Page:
Even When IVF Works, The Shame and Guilt of Infertility Still Linger

Building a family looks different for everyone, but for my husband and me, we needed a helper.Life After Infertility

Where it all Began

I was diagnosed with premature ovarian failure (POF), or early menopause, at the age of 25. For me, POF means that I have no eggs of my own, so when my husband and I wanted to start a family, we needed an egg donor.

After long hours of weighing all options and making a pros/cons list, we made our decision and chose our donor. I will never forget that moment because it was the final step that we needed to complete before we could finally start the IVF process.

Fast forward 2 months, and we were blessed to become pregnant on our first IVF cycle. We now have a 22-month-old daughter who has completely changed our world.

Infertility that Lingers

Many people would think that everything should be fine by now; we have a family that we have always hoped for!

But honestly, I am still not fine.

Infertility, in any form, isn’t something that just goes away overnight with a positive pregnancy test, birth or adoption of a child, or becoming foster parents. Infertility lingers, and so do both guilt and society’s stigma.

For me, being a DE mother (Donor Egg) has burdened me that sense of guilt and stigma, but I am learning that no matter what we do in life, someone will always have an opinion. So, we have to choose what is best for our family.

One of the very first struggles I had to work through is a common misconception around DE IVF:

“Once your child is born, the love for them is so overwhelming that it will negate any other worries you have in regard to them loving you back.”

I can speak from experience that this is not always true. Yes, the minute they placed my daughter on my chest after birth the love overflowed, and I felt complete. I couldn’t believe my dream had come true! But, what doesn’t stop is the ever-growing worry whether your child will love you the same way since you didn’t contribute to them genetically.

It is easy for others to say, “They will love you; you’re their mother!” because they don’t understand the sense of loss that you feel at being unable to contribute from the very start of their life through the egg. This alone causes worry and guilt that can fill up your heart and soul if you let it.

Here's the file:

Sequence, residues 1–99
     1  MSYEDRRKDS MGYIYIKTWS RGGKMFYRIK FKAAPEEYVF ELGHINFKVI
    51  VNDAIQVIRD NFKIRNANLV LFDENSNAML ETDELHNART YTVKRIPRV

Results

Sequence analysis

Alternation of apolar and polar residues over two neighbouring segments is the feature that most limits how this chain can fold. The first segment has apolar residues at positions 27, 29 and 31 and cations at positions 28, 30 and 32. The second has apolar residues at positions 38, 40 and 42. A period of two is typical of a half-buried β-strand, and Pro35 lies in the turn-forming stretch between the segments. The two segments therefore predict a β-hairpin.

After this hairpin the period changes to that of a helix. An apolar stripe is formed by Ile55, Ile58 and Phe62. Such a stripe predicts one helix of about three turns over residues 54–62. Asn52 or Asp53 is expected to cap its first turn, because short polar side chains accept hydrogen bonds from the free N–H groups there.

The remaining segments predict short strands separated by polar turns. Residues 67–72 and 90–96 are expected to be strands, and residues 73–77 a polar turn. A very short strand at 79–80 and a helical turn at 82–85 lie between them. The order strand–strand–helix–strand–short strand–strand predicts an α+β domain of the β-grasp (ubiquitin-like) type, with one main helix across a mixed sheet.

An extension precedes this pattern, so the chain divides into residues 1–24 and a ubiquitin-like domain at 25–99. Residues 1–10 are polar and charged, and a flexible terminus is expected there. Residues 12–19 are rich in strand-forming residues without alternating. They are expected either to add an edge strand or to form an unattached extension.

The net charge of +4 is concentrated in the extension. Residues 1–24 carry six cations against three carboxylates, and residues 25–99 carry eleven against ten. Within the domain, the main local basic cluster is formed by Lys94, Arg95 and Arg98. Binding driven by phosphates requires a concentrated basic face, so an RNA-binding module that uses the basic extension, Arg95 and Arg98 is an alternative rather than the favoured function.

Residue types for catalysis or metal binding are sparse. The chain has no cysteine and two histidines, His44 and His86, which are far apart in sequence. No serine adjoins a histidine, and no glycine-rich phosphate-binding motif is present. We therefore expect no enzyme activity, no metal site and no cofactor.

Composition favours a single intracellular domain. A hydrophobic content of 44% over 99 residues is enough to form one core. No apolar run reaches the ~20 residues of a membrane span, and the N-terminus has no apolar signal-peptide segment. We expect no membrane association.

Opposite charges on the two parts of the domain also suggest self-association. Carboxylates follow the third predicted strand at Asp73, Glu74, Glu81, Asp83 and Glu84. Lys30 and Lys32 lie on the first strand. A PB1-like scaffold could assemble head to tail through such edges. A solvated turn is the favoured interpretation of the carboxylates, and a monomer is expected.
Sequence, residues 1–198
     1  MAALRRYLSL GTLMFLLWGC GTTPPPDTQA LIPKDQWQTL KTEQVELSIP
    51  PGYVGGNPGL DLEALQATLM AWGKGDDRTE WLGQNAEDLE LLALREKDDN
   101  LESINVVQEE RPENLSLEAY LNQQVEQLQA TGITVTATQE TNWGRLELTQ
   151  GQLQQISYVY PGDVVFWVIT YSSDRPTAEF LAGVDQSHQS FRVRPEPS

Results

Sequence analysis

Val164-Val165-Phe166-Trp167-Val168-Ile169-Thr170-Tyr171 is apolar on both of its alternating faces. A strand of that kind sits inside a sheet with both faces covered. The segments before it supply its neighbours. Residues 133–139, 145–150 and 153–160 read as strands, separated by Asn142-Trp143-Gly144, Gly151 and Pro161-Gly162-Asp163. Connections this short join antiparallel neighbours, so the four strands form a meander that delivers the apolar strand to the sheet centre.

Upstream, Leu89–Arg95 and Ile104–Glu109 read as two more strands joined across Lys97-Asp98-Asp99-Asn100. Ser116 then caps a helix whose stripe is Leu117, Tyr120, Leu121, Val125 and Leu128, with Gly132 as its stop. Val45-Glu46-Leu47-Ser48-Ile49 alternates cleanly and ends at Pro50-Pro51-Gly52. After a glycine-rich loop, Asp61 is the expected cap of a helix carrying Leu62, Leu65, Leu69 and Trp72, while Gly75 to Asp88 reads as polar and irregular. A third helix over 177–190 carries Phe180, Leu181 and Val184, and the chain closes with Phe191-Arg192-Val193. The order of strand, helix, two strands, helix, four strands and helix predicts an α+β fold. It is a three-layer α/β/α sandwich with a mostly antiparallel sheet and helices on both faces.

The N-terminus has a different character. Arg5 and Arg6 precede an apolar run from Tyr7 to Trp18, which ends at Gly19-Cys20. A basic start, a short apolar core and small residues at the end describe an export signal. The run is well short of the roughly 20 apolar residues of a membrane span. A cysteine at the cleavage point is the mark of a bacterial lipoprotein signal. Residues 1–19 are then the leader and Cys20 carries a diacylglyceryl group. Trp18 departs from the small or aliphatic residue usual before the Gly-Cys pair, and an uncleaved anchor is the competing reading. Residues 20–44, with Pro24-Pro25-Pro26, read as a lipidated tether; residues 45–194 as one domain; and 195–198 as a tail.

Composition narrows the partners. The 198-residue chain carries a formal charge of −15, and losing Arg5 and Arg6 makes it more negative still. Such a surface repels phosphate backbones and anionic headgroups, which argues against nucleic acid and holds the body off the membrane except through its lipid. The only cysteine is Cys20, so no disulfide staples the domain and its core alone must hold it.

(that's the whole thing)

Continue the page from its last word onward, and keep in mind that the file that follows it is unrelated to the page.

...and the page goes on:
And unfortunately, I did.

It overtook my thoughts, my actions, and my emotions and started to taint my perception of my attachment with my child.

I struggled seeing how I contributed to her life; I questioned my worth as a parent. Then I began to question if she will truly love me

Will she? I still wonder daily.

Working through this process has been no simple task for me, but watching my relationship with my daughter blossom and learning about Epigenetics has transformed my thoughts.

Epigenetics

For reference, Epigenetics is the study of changes in organisms caused by modification of gene expression rather than alteration of the genetic code. So, what does that all mean?

For DE IVF mothers who carried their child, epigenetics explains how the DNA in our womb impacts our child’s DNA. Even though our DNA (i.e. DE mothers) cannot be transferred to our child, it can modify the way our child’s DNA is expressed, thus allowing our child to have many similarities to us that are truly influenced by us.

Case in point: my daughter has blue eyes. My EXACT blue eyes.

Her eyes are my saving grace.

Keep Moving Forward

The worry about your child loving you is honest and raw. Some days, that’s all I thought about. But as the days moved on and as my love overflowed by leaps and bounds for Penelope, I saw her love grow for me in return.

What I also learned through those months, is that she loved me from the very beginning. She didn’t have to “think” about if I was her mom; she knew I was. Resting in that knowledge makes me feel like the true mother I am.

Yes, this seems so personal to share. However, if someone had shared this information with me, I wonder if the process then and the days after would have been easier and less stressful.

My hope is this helps someone struggling with infertility to realize that your body is not truly broken or failing you. Hold on to love and hope, and know that you are not alone on this journey of motherhood.


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Emily is an ER nurse turned stay-at-home mama to a beautiful & spirited daughter, Penelope, and wife to an ER Physician. Prior to staying home, she was in the ER setting for over ten years, where she met her husband in 2015. She's an Iowa native, but new to Cedar Rapids since 2013. In 2018 she started started an Intentional Motherhood blog called OakB.Co with the intention to encourage, help, and energize mothers while giving them tools to lessen their workload, help build an authentic community, and inspire them to realize they are enough. She's a busy mama who pretty much lives on coffee and donuts!